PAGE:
Please mark your calendars to remember to pick up your meals on Tuesday and Friday. Please contact Keene Food Services with any questions. 603-357-9011
Screening Assessment: We are requesting that the screening assessment continue to be submitted during this extension of remote learning through January 29th. It will allow our school nurses to continue to monitor and provide support with regard to the health of the school community. Please note that we are not requesting that this be done on the weekends, holidays or breaks, only on days that school would typically be in session.
Special Education: Special Education continues to work very closely with building leaders to ensure that the needs of students with disabilities are met. As always, please reach out to your child’s special education teacher or building principal with questions. You can also contact the Student Services Offices at 357-9001 extension 230 or email firstname.lastname@example.org if you have any questions. Our office hours are Monday through Friday from 8:00 AM to 4:30 PM. We want to hear from you, Thank you!
Stay At Home: Here is the updated Stay-At-Home guidance in alignment with health official guidance.
Self-Isolation: You must stay at your home and avoid other people, including those you live with. You may not go out in public places - not even to the grocery store or to run errands. You may not visit with other people outside of your home, and you may not invite others into your house to visit. See Public Health Self-Isolation Guidance for additional information. Please note that the quarantine guidance on this document issued on 11/12/2020 was updated on 12/3/2020 and reflected in the linked document below.
Self-Quarantine: You must stay at your home and avoid other people for 10 days after you were last exposed to a person with COVID-19. You may not go out in public places - not even to the grocery store or to run errands. Do not visit with other people outside of your home, and do not invite others into your house to visit. If you must have visitors, tell them that you are under quarantine. See Public Health Self-Quarantine Guidance for additional information.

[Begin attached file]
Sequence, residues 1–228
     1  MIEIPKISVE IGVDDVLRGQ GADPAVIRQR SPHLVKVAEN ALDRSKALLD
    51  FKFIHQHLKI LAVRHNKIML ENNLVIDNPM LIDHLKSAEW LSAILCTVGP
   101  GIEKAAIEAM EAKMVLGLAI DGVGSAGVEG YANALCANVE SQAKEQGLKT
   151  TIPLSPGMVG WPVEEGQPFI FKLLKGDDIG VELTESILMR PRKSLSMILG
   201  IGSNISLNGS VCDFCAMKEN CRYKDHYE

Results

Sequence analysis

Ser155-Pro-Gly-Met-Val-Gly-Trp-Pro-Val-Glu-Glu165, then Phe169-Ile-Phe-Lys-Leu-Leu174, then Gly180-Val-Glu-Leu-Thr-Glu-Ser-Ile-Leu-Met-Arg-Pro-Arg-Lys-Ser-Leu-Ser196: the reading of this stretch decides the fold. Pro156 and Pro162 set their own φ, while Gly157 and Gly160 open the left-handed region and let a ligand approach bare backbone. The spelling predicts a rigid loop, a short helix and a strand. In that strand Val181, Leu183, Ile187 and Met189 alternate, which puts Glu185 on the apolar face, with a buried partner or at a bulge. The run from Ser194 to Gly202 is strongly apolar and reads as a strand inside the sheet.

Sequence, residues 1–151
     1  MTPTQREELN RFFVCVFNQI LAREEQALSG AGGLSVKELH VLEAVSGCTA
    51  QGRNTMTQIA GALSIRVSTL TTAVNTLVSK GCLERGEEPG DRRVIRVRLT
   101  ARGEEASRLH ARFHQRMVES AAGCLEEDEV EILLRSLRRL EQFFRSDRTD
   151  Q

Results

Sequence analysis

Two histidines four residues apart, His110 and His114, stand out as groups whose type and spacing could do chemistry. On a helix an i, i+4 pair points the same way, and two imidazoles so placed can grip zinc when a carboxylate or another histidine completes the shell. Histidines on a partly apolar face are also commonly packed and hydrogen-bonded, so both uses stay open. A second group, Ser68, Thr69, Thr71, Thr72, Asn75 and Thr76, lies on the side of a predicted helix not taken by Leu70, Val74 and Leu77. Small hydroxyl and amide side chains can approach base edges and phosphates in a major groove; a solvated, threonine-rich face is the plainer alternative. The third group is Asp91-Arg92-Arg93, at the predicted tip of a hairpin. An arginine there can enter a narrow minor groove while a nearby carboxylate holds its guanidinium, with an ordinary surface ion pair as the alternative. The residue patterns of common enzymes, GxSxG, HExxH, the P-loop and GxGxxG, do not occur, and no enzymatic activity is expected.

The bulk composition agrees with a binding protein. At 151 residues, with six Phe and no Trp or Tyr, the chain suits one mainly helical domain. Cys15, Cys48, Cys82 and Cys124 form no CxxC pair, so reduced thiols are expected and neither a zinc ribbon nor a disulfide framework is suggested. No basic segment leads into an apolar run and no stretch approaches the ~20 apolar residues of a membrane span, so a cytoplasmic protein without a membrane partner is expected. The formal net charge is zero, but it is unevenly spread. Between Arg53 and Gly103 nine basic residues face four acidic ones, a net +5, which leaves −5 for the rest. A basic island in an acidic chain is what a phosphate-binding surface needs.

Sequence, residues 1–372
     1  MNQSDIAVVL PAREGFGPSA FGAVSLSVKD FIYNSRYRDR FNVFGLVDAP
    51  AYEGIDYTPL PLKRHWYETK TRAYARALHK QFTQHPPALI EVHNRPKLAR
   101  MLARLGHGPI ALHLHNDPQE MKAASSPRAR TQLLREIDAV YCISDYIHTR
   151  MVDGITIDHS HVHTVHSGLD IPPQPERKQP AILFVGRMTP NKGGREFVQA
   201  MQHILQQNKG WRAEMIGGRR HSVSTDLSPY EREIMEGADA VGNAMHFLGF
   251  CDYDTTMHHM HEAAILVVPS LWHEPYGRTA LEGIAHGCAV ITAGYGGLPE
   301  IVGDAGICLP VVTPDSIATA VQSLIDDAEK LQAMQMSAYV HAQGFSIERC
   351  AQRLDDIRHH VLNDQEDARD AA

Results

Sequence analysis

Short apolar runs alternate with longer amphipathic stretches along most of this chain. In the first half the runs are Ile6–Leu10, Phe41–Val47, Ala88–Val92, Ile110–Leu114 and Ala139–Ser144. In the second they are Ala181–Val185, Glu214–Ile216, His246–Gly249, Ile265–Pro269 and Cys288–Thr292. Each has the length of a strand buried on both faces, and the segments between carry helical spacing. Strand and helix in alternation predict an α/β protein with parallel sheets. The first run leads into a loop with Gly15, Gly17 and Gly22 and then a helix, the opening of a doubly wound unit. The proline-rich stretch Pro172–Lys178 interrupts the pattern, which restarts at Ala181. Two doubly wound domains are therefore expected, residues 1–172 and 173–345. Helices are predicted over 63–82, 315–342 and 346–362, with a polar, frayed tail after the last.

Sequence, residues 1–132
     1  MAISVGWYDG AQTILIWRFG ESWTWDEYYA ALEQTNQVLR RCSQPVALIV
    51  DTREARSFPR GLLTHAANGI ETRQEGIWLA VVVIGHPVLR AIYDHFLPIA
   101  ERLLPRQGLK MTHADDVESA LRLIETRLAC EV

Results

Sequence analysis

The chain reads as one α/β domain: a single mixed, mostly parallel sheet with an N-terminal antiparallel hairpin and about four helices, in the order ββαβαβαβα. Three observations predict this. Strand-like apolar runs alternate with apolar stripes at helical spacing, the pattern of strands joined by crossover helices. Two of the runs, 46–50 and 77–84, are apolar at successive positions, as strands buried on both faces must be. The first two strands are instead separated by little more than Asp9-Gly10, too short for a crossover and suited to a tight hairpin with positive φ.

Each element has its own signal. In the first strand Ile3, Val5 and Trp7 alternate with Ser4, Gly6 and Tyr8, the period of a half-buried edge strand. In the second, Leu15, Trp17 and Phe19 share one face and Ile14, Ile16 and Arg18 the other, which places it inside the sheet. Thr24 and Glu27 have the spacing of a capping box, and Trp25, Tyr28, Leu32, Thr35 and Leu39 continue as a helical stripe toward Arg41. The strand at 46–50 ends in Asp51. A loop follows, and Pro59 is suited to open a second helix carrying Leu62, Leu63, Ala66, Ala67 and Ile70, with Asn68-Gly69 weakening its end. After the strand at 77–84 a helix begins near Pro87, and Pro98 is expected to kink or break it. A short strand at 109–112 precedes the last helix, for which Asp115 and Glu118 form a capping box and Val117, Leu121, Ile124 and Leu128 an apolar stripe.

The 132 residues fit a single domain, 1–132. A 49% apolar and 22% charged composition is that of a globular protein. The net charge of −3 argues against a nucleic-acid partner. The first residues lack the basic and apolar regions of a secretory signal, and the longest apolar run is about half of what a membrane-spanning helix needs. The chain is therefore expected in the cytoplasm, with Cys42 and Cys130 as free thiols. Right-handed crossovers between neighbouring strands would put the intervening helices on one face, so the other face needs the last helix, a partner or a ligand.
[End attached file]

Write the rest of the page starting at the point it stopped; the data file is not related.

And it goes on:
Contact Information: Dr. Rick Matte is the lead contact person for all COVID-19 inquiries and concerns at all SAU 29 schools and districts. He can be reached at email@example.com.
Governor Sununu has also activated a 24-hour COVID-19 hotline for all related needs and supports. The hotline can be reached by dialing 211.
Technology: Keene Middle School parents
Wednesday Jan. 20th we will have someone at the gym door of the Middle school for pick up of your student's 1:1 Chromebook. We will be there from 8 am to 4 am. If you have a school issued chromebook that you received over 4 weeks ago, you will want to bring that with you to swap out.
Please be aware of unsolicited email and advertisements. There are a lot of scams going on right now and it is important to be aware of email phishing efforts. Things to look out for are:
- Emails from unknown senders.
- Emails that look like it is someone you know but the address is not the correct address.
- Ad links in social media advertisements that ask to send cookies.
All of the listed above are common email scams. To better protect your school email it is also recommended not to use your school email for online shopping or social media.
Teachers, we have installed some software for remote teaching. Currently we have Kami which integrates with Google classroom. Screencastify will let you record your computer screen to share with the class. You can also have your image in the corner of the screen as you record the lesson. EquatIO Easily add equations, formulas, graphs to G Suite for Education. It has a scientific calculator, and periodic table charts.
Parents and Students, Chromebooks should be used for your school work only. Please do not eat while using your school issued Chromebook. We are experiencing high volumes of damaged Chromebooks due to spills. Please make sure you fill in the online registration for your students. It is important to have all the correct information in place.
Technology support during COVID19: Please see the update.
Power School update:
Power school online registration help can be found here.
Please remember to fill out the youtube permission form. For KHS and KMS
Help desk number: (603) 352-0640 ext. 3871. For help with the Home user and remote learning click here.